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Chapter 6: Dexter Avenue Baptist Church

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Book cover - The Autobiography of Martin Luther King, Jr. Edited by Clayborne Carson

You the people of Dexter Avenue Baptist Church have called me to serve as pastor of your historic church; and 1 have gladly accepted the call It is with more than perfunctory gratitude that 1 offer my appreciation to you for bestowing upon me this great honor. I accept the pastor ate dreadfully aware of the tremendous responsibilities accompanying it. Contrary to some shallow thinking; the responsibilities of the pastorate both stagger and astound the imagination. They tax the whole man.

  • January 24, 1954 King delivers trial sermon at Dexter Avenue Baptist Church in Montgomery, Alabama
  • February 28 Delivers guest sermon at Second Baptist Church in Detroit, Michigan
  • April 14 Accepts call to Dexter's pastorate
  • May 2 Delivers first sermon as Dexter's minister
  • October 31 Officially becomes pastor of Dexter; King Sr. delivers installation sermon
  • August 26, 1955 Rosa Parks, secretary of Montgomery NAACP chapter, informs King of his election to executive committee
  • November 17 First child, Yolanda Denise, is born

    After being in school twenty-one years without a break, I reached the satisfying moment of completing the residential requirements for the Ph.D. degree. The major job that remained was to write my doctoral thesis. In the meantime I felt that it would be wise to start considering a job. I was not sure what area of the ministry I wanted to settle down in. I had had a great deal of satisfaction in the pastorate and had almost come to the point of feeling that I could best render my service in this area. I never could quite get the idea out of my mind that I should do some teaching, yet I felt a great deal of satisfaction with the pastorate.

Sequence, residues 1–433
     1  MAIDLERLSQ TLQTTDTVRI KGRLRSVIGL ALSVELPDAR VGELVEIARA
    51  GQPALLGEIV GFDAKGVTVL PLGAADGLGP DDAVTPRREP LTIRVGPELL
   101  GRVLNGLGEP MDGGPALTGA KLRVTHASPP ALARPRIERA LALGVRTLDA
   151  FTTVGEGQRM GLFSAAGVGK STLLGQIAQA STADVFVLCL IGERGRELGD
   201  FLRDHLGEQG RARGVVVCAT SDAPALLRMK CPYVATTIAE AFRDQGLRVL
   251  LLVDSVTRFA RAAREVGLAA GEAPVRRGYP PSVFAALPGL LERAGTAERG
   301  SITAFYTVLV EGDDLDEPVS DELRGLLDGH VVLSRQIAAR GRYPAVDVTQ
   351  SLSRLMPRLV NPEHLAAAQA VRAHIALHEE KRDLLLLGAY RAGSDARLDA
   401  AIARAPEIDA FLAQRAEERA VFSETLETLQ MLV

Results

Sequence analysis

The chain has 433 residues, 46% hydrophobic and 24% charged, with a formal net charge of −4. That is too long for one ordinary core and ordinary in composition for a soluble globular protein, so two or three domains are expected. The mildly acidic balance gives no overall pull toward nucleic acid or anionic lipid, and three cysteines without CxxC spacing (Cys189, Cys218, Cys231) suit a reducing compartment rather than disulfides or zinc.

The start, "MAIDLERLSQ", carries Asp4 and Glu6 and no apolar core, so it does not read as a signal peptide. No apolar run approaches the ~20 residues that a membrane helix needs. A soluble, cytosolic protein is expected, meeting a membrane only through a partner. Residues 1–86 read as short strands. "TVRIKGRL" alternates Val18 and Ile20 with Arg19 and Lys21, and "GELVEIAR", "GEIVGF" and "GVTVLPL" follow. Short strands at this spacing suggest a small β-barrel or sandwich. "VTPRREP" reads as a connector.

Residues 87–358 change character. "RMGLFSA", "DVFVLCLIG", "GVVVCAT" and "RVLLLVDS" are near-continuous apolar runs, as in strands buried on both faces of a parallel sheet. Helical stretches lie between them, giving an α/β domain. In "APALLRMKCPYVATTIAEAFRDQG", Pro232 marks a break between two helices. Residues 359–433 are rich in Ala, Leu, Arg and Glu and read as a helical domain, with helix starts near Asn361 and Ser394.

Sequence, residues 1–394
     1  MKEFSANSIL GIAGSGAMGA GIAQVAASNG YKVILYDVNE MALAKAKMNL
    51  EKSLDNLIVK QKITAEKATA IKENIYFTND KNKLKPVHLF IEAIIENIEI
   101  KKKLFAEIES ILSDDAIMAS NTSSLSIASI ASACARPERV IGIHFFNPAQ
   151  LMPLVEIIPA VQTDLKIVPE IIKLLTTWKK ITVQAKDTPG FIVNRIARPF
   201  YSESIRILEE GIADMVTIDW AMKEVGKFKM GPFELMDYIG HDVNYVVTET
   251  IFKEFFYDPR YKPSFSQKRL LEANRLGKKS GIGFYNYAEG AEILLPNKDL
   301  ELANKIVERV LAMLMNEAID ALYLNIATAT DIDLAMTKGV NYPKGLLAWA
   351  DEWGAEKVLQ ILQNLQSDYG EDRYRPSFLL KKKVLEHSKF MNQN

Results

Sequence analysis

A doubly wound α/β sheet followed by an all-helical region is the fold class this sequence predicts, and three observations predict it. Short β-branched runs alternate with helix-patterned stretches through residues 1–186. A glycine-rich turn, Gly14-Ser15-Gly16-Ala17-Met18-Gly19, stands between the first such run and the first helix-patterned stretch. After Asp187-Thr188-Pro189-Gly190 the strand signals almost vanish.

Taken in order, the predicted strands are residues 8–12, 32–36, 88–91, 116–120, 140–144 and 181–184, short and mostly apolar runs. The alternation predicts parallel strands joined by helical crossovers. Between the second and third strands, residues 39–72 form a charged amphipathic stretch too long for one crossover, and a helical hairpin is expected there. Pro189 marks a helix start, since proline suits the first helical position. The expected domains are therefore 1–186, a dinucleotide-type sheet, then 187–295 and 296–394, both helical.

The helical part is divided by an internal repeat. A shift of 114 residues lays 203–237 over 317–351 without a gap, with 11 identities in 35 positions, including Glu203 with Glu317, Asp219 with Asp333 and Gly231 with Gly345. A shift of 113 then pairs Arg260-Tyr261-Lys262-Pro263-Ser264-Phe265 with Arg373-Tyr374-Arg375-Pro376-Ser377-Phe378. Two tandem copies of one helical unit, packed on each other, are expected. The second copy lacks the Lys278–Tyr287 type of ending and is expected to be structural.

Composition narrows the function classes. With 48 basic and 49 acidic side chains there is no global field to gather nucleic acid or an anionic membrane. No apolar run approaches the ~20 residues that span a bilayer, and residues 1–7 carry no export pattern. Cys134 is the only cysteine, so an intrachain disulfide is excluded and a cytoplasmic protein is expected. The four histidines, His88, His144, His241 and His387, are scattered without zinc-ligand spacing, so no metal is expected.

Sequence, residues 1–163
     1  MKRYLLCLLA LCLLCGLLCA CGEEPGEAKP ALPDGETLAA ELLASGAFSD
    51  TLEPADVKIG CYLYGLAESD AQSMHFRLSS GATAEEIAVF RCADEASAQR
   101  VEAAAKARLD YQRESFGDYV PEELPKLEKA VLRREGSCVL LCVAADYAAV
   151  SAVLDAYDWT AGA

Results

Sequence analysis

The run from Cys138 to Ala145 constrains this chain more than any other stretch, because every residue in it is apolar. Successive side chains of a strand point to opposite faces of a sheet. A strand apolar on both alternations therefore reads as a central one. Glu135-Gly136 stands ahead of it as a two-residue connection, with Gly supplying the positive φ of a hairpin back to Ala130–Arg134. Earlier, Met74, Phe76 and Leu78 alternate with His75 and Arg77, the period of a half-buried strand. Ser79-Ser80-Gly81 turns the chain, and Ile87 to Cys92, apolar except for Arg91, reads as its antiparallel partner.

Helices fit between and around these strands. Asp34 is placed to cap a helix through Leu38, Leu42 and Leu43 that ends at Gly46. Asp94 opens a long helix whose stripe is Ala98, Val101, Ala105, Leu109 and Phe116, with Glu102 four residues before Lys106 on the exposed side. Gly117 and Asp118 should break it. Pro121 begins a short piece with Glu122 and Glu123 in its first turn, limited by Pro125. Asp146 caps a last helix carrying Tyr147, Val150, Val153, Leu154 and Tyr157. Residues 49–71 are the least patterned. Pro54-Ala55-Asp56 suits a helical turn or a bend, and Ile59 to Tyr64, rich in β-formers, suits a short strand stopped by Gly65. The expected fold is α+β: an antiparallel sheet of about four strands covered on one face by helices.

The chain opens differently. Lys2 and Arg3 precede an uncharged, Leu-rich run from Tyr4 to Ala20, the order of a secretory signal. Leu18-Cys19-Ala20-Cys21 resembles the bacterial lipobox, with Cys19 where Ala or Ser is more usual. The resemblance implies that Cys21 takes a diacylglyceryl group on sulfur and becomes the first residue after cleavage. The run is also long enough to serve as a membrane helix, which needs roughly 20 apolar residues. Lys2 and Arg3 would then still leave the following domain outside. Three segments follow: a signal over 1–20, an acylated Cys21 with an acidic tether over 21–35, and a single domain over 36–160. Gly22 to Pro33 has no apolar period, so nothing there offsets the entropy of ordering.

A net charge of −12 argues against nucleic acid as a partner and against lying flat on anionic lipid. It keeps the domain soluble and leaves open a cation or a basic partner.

Two churches in the East-one in Massachusetts and one in New York-had expressed an interest in calling me. Three colleges had offered attractive and challenging posts-one a teaching post, one a deanship, and the other an administrative position. In the midst of thinking about each of these positions, I received a letter from the officers of the Dexter Avenue Baptist Church of Montgomery, saying that they were without a pastor and that they would be glad to have me preach when I was again in that section of the country. They had heard of me through my father in Atlanta. I wrote immediately saying that I would be home in Atlanta for the Christmas holidays, and that I would be happy to come to Montgomery to preach one Sunday in January.

    The Dexter Avenue Baptist Church had a rich history. Many outstanding ministers served there, including Dr. Vernon Johns. It was a very fine church with even greater possibilities.

    Asking for God's guidance

    On a cool Saturday afternoon in January 1954, I set out to drive from Atlanta, Georgia, to Montgomery, Alabama. It was one of those clear wintry days when the sun bedecked the skies with all of its radiant beauty. After starting out on the highway, I happened to have turned on the radio. Fortunately, the Metropolitan Opera was on the air with a performance of one of my favorite operas--Donizetti's Lucia di Lammermoor. So with the captivating beauty of the countryside, the inspiration of Donizetti's inimitable music, and the matchless splendor of the skies, the usual monotony that accompanies a relatively long drive-especially when one is alone-was absorbed into meaningful diversions.

    After about a four-hour drive, I arrived in Montgomery. Although I had passed through the city before, I had never been there on a real visit. Now I would have the opportunity to spend a few days in this beautiful little town, which has the distinction of being one of the oldest cities in the United States. It occupies an undulating site around a sharp bend in the Alabama River in the midst of rich and fertile farmland.